How to Do a SWOT Analysis Like a Pro

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A SWOT analysis is a common tool for creating a business plan. It’s a way to evaluate your business’s strengths and weaknesses and discover how to leverage them to your advantage.

But you don’t have to be a business owner to benefit from a SWOT analysis. If you’re a big-picture thinker, you can apply this strategy to your personal finances to check in on your goals and prepare for your next big life event.

What Is a SWOT Analysis? 

Here’s a simple definition of a SWOT analysis: It’s a four-part analysis that looks at your Strengths, Weaknesses, Opportunities, and Threats (i.e., your SWOT). 

Using this model allows you to analyze internal and external factors to see what you’re best at, what your competitor is best at, where you can improve, and what you need to guard yourself against.

You can conduct a SWOT analysis to evaluate your small-business ideas and look for strengths and weaknesses before you make any change to your long-term strategy.

It’s also great when tracking large money goals to see what areas you need to improve in. And it highlights the best aspects of big-picture thinking — especially since its primary objective is to help organizations or individuals develop a full awareness of all the factors involved in making a decision.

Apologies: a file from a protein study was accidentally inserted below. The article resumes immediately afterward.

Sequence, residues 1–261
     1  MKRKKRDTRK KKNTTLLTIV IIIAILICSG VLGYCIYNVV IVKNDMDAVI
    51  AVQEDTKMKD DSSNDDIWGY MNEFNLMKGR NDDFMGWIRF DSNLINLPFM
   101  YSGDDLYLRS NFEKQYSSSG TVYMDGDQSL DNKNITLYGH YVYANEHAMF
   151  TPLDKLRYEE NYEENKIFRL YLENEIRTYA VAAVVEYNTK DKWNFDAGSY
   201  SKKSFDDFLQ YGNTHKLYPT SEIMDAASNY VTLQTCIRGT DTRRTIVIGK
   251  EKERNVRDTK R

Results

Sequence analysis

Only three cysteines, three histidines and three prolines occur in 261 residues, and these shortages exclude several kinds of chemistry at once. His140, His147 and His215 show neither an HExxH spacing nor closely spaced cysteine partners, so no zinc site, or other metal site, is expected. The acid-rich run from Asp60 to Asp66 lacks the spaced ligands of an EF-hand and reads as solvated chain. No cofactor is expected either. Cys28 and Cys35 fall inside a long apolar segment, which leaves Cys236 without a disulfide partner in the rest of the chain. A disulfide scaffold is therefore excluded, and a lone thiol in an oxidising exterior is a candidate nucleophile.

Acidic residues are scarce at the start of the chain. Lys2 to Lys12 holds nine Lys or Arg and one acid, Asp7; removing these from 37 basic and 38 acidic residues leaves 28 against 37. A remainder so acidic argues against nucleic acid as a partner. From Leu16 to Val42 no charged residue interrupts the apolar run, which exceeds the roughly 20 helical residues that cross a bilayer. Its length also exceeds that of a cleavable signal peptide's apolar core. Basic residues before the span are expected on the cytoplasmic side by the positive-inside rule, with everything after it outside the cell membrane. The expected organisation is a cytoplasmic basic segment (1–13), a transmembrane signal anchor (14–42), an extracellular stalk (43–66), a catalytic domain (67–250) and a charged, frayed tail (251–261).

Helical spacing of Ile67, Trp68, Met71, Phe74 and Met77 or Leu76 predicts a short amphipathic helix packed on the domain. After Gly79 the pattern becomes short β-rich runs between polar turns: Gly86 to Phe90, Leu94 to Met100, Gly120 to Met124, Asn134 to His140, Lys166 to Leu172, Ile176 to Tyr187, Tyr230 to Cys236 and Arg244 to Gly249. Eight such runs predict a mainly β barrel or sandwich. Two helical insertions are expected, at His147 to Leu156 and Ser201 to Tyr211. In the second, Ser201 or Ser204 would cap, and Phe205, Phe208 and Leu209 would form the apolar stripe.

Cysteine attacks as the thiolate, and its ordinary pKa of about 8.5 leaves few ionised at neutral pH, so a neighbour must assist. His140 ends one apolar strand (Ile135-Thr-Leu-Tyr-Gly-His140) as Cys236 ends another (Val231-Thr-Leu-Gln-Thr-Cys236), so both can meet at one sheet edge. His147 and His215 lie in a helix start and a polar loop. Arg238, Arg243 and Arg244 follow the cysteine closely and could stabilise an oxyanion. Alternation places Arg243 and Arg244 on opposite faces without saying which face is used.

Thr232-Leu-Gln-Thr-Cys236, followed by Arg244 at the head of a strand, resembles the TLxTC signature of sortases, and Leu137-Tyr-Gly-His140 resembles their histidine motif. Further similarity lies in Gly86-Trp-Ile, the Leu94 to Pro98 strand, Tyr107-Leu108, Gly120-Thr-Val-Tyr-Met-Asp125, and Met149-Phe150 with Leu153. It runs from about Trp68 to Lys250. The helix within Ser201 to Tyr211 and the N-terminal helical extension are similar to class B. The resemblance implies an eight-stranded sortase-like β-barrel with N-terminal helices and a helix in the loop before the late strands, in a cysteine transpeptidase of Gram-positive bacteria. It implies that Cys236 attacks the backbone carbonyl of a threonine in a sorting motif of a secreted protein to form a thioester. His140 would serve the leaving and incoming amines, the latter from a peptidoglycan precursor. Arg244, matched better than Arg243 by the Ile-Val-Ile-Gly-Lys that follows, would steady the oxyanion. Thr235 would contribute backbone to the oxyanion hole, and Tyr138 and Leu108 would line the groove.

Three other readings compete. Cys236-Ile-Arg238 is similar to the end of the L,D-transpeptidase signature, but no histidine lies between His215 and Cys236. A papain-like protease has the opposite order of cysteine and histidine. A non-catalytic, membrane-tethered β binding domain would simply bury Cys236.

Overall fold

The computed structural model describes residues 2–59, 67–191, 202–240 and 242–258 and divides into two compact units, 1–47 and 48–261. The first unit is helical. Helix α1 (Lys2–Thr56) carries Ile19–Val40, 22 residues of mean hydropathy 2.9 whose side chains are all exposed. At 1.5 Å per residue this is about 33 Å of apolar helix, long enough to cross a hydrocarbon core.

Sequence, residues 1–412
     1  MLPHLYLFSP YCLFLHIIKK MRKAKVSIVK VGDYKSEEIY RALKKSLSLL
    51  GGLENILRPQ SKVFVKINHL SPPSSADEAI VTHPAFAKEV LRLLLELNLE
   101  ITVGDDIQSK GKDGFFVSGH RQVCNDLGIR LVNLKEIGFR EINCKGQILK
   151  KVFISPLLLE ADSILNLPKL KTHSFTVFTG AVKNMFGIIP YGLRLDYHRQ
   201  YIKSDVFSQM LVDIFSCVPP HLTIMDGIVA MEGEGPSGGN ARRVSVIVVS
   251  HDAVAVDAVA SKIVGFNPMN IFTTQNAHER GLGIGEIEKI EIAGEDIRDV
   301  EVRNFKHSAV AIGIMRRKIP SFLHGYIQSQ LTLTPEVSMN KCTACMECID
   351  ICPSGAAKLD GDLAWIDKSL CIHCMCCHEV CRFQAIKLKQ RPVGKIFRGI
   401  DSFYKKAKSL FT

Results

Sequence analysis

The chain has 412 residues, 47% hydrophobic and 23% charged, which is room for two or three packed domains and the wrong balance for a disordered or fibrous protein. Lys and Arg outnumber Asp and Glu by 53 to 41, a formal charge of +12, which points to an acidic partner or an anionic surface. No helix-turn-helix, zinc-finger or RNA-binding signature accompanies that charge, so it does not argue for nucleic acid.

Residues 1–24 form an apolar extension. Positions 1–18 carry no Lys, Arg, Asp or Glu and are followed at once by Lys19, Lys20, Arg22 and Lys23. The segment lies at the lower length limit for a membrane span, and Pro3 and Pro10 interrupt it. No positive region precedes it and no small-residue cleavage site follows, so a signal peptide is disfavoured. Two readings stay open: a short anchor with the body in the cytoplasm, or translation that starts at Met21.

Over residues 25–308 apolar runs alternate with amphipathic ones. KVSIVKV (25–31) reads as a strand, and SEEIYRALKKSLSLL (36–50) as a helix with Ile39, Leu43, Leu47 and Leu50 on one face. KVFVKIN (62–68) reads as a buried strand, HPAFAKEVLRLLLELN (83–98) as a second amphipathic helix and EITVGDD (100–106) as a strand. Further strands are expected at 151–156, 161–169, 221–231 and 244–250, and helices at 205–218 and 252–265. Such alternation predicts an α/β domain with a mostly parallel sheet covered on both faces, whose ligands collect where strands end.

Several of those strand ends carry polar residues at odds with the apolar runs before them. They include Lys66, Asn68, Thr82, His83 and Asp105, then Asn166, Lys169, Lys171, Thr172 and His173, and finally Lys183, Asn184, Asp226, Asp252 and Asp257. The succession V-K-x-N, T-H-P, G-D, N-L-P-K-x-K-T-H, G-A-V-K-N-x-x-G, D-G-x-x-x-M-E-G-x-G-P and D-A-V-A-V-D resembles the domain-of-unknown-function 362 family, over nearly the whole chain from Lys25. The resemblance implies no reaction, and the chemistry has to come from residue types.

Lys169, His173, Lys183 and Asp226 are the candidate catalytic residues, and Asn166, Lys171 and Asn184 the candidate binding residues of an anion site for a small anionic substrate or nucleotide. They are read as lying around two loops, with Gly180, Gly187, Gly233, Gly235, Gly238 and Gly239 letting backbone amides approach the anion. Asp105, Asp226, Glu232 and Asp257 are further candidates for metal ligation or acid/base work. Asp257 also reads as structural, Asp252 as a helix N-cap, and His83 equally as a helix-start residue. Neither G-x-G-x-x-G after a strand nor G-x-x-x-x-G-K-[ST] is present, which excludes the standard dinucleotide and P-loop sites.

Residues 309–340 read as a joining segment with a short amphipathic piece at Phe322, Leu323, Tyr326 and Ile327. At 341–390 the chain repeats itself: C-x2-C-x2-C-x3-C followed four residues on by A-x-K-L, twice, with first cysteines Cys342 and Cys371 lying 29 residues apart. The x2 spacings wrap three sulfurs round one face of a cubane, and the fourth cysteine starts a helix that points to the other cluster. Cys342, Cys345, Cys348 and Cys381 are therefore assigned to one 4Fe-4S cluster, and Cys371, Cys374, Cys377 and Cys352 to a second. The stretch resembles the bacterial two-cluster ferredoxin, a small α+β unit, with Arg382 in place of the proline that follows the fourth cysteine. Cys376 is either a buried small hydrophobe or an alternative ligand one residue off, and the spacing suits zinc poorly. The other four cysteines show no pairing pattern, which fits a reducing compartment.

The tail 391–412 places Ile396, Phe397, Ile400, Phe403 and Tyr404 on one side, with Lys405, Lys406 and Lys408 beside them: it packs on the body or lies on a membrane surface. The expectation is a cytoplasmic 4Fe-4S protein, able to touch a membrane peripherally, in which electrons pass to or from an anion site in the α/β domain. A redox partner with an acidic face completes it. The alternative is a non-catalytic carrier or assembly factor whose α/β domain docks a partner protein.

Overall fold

It also makes you self-aware of who you are in relation to your work and your money goals. 

How Does a SWOT Analysis Work?

Conducting a SWOT analysis is easy.

First, create a SWOT diagram. Take a piece of paper and divide it into four equal sections, each labeled with a different part of the SWOT analysis.

Let’s break those down for you.


The first part of the analysis is to determine what works well in your work or organization. This is key to strategic planning. Think about what you have to offer that’s better than your competitors’ offerings or skills. 

You want to ask questions like: 

  • What do you excel at?
  • What do you do better than anyone else?
  • What unique resources do you draw on?
  • What do other people see as your strengths?
  • What values drive your business or work? 
  • What lowest-cost resources can you draw upon that others can’t?

You really want to focus only on things that give you the edge against everybody else. 

If you’re applying a SWOT analysis to your personal finance, you’ll want to retool the questions a bit. The idea is to pen down all of the internal strengths that you have that might give you a competitive advantage. 


During this part of the analysis, you really want to focus on the internal weakness of your organization or self in relation to those surrounding you. 

So make sure the way you’re answering the following questions is following that framework:

  • What could you improve?
  • Where do you have fewer resources than others?
  • What are things others are likely to see as weaknesses?
  • What do you and your company lack?
  • What characteristics do you have that might make you or your company disadvantageous to pursue in the market?
  • Are there things that your business needs to be competitive?

Really focus on your weaknesses in relation to some external point. 

For example, if your restaurant doesn’t serve brownies — but your competitors don’t, either — that’s not really a weakness.

But if you don’t know how to code and someone who is up for the same promotion does, that is a weakness. 

If you’re using a SWOT analysis as a way to check in with your money, this is a great time to pull out that budget. See which areas of your budget you tend to blow through.